Forensics? Wait...Do You Mean C.S.I.?

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As Forensicators we use the word almost everyday: Forensics.  We say it, but how many of us actually know what it means?  Or better yet, who can explain why a term most associate with C.S.I. is used as a label for Speech and Debate?  Those are friendly words.  Speech and Debate; terms that with a glance one can define them and begin to determine how one could compete under their user-friendly appearance.  Yet, Forensics is tradition and historical--ergo, not going to disappear in the near future.  Thus, as Forensicators, and bearers of the word, it is our duty to understand some portion of its usage.  At least enough so that when people ask "why is it called Forensics...and why is a gavel part of your logo?" you can now respond with more than "because...Forensic Science deals with analysis of givens and the Forensics of Speech and Debate analyzes words and ideas...so, same concept just different things to interpret...right?"

The Oxford English Dictionary (OED), the authority of the English language, defines Forensics as:

 A. adj. Pertaining to, connected with, or used in courts of law; suitable or analogous to pleadings in court. forensic medicine: medicine in its relations to law; medical jurisprudence.

B. n. U.S. A college exercise, consisting of a speech or (at Harvard) written thesis maintaining one side or the other of a given question.

Definition A first sees an appearance in "1659 HAMMOND On Ps. cvi. 31 It signifies much more than justification, as in the forinseck sense that is opposite to condemning," and B in "1830 Collegian 241 in B. H. Hall College Words, Themes, forensics [etc.]. 1837 Ord. & Regul. Harvard Univ. 12 Every omission of a theme or forensic."  Basically, the word Forensics, or "forinseck," entered the English speaking realm somewhere around 1659 (that was its first documented use, which means it probably was being used in speech prior to that for it to gain enough popularity to be written about) and was used in relation to the legal system.  Forensics officially entered the University world in 1830 when Forensics was used to describe a theme, or central idea, behind "one side...of a given question." Essentially, the English definition of Forensics began as a word to describe a person's stance.

If you want to go back even further, Aristotle first coined the word back in the early 300's B.C when he wrote Rhetoric.  In his essay he defined the three types of Rhetoric, one of them being Forensics and defined as "Forensic speaking either attacks or defends somebody: one or other of these two things must always be done by the parties in a case."  From this one can clearly see how the English translation is spot on and taken directly from an idea originated by Aristotle back in Ancient Athens; further implicating the standing power and use of Forensics in legal means throughout history.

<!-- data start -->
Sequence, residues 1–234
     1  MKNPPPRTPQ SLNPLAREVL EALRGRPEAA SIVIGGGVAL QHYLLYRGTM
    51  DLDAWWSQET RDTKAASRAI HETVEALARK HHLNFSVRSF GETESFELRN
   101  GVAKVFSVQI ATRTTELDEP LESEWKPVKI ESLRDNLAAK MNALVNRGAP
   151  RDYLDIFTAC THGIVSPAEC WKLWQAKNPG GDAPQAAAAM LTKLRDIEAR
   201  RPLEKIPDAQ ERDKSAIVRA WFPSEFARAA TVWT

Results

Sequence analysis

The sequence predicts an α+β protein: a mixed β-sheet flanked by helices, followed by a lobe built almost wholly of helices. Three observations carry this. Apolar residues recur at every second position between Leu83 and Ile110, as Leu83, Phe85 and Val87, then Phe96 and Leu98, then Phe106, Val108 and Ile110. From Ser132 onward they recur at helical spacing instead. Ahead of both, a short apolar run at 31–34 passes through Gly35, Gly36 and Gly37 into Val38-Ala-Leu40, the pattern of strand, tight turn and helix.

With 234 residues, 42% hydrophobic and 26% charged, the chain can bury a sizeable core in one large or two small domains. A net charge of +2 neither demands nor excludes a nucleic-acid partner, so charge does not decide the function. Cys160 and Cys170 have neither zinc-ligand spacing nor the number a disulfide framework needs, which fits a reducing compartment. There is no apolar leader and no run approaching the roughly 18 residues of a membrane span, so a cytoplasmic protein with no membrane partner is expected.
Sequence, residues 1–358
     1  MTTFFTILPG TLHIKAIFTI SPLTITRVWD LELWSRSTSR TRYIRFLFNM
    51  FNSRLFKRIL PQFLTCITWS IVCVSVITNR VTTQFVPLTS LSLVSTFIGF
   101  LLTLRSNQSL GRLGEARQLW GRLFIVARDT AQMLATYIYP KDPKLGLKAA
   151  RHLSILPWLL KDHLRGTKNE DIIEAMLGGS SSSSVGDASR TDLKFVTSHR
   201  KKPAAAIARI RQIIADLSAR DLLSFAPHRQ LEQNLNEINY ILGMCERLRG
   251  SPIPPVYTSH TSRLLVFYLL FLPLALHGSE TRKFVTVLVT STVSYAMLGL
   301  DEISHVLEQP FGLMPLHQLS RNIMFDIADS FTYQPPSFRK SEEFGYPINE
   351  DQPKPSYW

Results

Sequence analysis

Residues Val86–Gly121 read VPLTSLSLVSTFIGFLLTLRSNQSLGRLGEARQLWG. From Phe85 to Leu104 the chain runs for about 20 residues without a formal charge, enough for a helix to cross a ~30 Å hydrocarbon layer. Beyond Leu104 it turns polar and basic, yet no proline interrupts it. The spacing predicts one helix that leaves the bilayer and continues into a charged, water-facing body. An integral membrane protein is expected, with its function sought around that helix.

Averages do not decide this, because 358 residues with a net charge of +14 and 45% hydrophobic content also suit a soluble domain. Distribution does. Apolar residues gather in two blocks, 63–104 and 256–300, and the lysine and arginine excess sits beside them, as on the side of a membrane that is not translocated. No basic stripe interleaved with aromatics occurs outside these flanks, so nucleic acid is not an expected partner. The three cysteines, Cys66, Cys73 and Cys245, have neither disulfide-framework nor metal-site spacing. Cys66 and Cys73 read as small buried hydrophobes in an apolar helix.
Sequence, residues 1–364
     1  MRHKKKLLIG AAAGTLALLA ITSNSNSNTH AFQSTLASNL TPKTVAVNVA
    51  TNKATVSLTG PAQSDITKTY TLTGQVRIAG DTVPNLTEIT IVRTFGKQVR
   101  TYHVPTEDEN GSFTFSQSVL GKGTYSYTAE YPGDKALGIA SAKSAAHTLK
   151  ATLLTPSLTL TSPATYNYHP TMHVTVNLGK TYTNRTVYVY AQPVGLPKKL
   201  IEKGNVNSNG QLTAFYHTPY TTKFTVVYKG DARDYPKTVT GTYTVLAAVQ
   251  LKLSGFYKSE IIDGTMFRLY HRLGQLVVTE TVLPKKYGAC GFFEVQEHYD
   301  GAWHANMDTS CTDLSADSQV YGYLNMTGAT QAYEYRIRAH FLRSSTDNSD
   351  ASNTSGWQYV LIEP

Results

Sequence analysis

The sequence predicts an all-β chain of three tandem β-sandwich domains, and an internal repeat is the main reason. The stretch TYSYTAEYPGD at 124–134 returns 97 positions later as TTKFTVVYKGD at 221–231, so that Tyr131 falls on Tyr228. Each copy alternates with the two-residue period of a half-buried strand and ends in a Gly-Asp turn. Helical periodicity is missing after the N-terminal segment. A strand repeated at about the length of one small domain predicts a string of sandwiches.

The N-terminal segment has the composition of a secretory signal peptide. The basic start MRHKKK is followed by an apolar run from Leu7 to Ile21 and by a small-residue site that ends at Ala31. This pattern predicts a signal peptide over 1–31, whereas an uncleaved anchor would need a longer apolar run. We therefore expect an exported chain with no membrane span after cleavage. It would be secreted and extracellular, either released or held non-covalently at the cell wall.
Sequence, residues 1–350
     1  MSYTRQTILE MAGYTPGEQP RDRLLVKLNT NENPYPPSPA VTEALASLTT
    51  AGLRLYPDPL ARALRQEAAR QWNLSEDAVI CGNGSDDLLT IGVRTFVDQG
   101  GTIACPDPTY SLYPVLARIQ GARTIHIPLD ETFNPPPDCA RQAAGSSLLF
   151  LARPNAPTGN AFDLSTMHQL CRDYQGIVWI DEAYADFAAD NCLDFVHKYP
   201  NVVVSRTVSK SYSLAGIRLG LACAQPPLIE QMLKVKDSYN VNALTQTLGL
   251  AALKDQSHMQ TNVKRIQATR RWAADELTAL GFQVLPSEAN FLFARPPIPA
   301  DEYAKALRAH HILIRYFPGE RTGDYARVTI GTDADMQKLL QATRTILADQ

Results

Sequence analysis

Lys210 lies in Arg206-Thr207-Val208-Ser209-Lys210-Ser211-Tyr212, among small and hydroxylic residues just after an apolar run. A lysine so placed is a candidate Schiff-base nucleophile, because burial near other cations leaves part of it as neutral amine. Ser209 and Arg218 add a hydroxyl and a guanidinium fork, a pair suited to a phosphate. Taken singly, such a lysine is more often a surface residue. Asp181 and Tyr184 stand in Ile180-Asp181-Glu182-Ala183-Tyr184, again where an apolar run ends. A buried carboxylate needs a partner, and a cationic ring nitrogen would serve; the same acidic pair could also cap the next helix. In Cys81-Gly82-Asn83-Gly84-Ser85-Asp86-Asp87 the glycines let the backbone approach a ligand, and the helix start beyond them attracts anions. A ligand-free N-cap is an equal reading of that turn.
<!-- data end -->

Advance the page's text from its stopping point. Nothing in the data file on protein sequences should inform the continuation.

Now, how can we relate this definition of debatable stances to current Forensics?  That's precisely it!  Debate.  Harvard, the same Harvard listed in OED's etymology of Forensics, was the first University of The New World (founded in 1636) and modeled its first set of courses after those established in England which primarily taught the Classics (I.E. Greek).  Aristotle must have been studied and with him his Rhetoric.  Any law course most likely would have argued in Forensics (hence the combination of definitions A and B).  As time passed, and a desire to have intercollegiate debate grew, it seems natural that the term Forensics would have been used--especially as out East is where there is a richer Forensics history and establishment.  Debate grew into Individual Events and Forensics became a blanket term of ambiguity.  

Now, I will admit much of this article is my speculation and connect-the dots based on a bit of research (OED and Aristotle) done in thirty minutes.  However, definitions and history do not lie--can have different interpretations and focus yes, lie no...unless the "facts" are fabricated.  Anyway, by piecing together some basic information, with interpretation, a brief history and definition of Forensics can be concluded:

Aristotle documented the word Forensics to describe a speech made to defend or attack an individual, this word was adopted into the legal system, found its way into classrooms that taught The Classics, and then was carried over into Debate/IE's from classroom tradition and terminology with the start of Debate which is modeled after law.  

 

Sources used:

http://www.public.iastate.edu/~honeyl/Rhetoric/rhet1-3.html

http://www.oed.com/

 

Amazing how some simple research can lead to fascinating conclusions! Regardless of how brief this is, it's a pretty fun look at the etymology!

Ha, thanks for the feedback. Glad you enjoyed it. Honestly, I was just curious myself!

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